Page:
And come, they did. They began arriving in campers and motor homes and tents, along with aircraft of every description for the 7th Annual Triple Tree Fly-In, which started on Wednesday, September 4. From the ultralight to the DC-3 and everything in between, the grounds were filled with aircraft in neat rows two and three deep along the eastern edge of the runway and in small groups among the trees near the river. According to Triple
Tree President Pat Derrick, more than 700 airplanes from 23 states conducted 2,800 flight operations over the five-day period. The numbers, while impressive, do not do justice to the experience. Attendees were overheard more than once to say, “This must be what heaven is like.” My left seat for the trip was my son, Daniel, who was vigilant as we joined the stream of airplanes in the pattern. Volunteer FAA controllers guided the flying faithful from the control tower at mid-field. After a close pattern and touchdown in front of hundreds of landing judges, we taxied off the runway to an army of aircraft marshals who kept the airplanes moving to either camping or day parking. The concierge golf cart came by to see if we needed anything while my teenage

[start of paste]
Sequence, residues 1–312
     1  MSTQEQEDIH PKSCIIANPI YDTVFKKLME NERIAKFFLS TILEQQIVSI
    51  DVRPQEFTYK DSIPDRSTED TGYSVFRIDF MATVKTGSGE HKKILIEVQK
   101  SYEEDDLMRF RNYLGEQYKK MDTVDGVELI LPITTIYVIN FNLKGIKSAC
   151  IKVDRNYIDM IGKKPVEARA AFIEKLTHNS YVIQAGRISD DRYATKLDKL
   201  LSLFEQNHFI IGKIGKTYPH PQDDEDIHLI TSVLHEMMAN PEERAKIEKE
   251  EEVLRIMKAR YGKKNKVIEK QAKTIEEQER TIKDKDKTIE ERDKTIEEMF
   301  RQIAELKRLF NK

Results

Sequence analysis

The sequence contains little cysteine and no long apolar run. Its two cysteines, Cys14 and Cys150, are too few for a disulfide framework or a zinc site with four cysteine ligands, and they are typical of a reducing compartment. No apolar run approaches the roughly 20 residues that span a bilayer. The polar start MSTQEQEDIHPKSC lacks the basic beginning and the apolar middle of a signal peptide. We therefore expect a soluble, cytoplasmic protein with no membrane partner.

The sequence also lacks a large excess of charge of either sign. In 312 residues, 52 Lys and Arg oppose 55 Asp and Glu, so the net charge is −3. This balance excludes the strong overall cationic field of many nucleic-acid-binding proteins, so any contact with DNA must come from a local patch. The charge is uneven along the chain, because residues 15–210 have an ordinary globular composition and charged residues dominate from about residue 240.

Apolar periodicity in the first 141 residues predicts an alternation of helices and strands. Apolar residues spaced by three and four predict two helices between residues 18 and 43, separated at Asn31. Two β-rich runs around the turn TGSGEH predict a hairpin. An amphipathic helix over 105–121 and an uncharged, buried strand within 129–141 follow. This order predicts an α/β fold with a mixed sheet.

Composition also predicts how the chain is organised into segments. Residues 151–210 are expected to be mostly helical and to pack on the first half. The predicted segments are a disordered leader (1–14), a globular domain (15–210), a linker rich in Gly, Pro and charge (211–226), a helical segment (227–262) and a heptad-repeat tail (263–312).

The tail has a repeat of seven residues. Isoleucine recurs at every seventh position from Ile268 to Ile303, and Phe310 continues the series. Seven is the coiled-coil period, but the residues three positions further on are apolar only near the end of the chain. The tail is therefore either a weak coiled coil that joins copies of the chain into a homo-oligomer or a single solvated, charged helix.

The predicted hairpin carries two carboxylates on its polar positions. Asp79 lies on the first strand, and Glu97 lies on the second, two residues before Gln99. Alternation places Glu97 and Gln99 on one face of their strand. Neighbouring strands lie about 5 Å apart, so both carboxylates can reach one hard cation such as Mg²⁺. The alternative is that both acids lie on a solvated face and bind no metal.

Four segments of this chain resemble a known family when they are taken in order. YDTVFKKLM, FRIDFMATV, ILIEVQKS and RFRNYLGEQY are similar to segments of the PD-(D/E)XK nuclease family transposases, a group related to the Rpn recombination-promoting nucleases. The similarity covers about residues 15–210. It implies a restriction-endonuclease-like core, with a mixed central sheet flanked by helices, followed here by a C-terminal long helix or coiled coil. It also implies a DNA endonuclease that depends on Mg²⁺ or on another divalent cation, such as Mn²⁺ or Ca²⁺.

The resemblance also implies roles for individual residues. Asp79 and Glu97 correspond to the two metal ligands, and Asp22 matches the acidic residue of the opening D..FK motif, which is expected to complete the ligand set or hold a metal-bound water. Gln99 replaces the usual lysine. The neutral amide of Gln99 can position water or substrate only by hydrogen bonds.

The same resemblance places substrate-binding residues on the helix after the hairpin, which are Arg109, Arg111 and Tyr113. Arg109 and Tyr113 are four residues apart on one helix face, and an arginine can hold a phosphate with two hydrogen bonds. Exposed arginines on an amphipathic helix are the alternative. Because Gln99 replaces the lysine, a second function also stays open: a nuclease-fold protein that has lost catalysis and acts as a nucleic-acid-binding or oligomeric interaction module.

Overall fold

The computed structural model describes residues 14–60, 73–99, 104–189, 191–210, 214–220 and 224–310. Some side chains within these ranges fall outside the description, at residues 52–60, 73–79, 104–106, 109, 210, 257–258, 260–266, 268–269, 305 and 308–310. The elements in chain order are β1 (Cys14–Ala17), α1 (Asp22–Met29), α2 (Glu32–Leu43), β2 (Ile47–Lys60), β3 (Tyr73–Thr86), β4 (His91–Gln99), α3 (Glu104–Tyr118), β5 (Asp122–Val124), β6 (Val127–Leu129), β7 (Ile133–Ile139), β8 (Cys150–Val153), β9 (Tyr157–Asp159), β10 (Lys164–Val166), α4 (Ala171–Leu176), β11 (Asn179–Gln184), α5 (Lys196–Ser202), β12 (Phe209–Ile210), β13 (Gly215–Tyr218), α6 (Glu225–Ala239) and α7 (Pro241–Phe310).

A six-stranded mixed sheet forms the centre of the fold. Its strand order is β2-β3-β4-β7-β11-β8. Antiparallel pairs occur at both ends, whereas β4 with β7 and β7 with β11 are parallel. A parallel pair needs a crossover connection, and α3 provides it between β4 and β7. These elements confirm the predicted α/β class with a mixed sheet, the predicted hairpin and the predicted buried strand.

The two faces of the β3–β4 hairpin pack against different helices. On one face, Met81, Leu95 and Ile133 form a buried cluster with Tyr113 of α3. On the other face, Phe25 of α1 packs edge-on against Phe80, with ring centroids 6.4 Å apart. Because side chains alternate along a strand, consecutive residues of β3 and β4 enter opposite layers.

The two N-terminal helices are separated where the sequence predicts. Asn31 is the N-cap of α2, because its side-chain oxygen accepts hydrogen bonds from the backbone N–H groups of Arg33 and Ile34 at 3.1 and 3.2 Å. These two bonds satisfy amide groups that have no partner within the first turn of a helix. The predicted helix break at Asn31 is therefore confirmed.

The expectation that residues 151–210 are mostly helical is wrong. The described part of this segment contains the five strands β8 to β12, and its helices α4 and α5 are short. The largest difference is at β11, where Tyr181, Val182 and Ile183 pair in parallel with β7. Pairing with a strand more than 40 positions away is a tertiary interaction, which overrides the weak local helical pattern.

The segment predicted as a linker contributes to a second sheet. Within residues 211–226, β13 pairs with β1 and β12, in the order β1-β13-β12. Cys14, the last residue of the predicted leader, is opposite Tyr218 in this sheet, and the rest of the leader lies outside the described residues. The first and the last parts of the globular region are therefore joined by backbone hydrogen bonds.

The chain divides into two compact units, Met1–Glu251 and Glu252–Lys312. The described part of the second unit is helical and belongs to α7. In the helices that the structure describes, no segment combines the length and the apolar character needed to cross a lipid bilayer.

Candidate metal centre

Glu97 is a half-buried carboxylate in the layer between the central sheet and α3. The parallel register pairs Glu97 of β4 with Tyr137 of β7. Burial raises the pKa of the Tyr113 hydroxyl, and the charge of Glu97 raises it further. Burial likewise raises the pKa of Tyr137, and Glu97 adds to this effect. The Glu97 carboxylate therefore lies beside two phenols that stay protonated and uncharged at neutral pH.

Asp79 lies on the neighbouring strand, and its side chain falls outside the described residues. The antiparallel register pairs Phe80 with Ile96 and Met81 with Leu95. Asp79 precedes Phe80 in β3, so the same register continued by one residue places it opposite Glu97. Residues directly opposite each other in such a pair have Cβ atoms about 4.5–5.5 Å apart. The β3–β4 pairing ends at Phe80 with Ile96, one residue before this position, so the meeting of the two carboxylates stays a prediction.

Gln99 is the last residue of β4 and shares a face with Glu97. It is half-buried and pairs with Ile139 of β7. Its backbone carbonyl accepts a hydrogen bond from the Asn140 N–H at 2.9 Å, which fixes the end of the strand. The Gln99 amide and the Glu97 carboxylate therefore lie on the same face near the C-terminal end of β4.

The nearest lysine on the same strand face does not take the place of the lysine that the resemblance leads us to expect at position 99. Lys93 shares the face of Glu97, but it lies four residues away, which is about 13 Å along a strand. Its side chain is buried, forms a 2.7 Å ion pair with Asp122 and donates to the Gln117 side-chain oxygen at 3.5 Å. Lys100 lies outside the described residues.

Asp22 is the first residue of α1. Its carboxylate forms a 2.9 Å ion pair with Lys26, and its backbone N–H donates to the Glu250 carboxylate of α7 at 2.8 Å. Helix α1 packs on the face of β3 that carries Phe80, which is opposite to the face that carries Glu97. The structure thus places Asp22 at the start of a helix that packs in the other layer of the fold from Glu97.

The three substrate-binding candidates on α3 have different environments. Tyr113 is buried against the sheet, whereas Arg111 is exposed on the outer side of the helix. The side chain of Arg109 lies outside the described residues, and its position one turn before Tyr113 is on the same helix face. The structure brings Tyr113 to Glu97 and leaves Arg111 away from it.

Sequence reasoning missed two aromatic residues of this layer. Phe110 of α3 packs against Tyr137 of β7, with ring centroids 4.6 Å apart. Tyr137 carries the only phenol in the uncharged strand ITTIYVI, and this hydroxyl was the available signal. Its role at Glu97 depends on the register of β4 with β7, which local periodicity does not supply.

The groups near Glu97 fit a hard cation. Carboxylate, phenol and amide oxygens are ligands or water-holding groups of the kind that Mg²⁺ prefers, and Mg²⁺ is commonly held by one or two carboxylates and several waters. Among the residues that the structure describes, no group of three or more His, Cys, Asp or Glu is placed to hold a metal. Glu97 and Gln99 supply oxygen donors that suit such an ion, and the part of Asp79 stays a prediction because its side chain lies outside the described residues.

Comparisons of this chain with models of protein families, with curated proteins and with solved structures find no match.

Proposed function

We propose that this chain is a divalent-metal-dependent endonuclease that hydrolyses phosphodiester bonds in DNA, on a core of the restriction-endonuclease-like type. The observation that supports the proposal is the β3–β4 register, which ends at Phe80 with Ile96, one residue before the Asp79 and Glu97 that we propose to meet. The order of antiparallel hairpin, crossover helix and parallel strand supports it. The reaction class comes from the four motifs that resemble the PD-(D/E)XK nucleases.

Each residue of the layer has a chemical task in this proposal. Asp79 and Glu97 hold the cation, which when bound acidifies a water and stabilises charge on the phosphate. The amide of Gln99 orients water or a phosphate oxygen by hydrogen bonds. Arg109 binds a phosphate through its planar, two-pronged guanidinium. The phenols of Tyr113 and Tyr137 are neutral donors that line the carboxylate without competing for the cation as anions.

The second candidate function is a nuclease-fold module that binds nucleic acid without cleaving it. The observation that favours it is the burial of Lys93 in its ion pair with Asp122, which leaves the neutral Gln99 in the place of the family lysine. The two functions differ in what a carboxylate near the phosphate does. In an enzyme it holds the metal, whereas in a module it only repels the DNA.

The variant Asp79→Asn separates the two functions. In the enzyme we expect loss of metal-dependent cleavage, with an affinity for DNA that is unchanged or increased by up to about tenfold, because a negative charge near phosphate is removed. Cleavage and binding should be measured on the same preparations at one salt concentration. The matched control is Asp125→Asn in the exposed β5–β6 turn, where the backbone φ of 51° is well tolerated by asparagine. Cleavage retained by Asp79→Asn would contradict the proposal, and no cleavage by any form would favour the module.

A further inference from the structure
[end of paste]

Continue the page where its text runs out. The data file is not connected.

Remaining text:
son/autopilot and I secured the airplane. As we set up camp, other golf carts came by and asked if we needed a ride. The service-to-others attitude by the staff and volunteers of Triple Tree prevailed during the entire event. After a full day of watching people and airplanes, we boarded one of the yellow school buses for the ride up the hill to the hangar/patio area for a communal cook-your-ownsteak event. For $15 they provided a steak and sides, with the added bonus of cooking it just the way you like it. The line for dinner stretched around the corner of the hangar. Images of pristine airplanes continued on pg 11 reflected in the
Pilots get together and share flying stories during Triple Tree.
Summer 2013 • 5
WHEN WHAT WHERE COST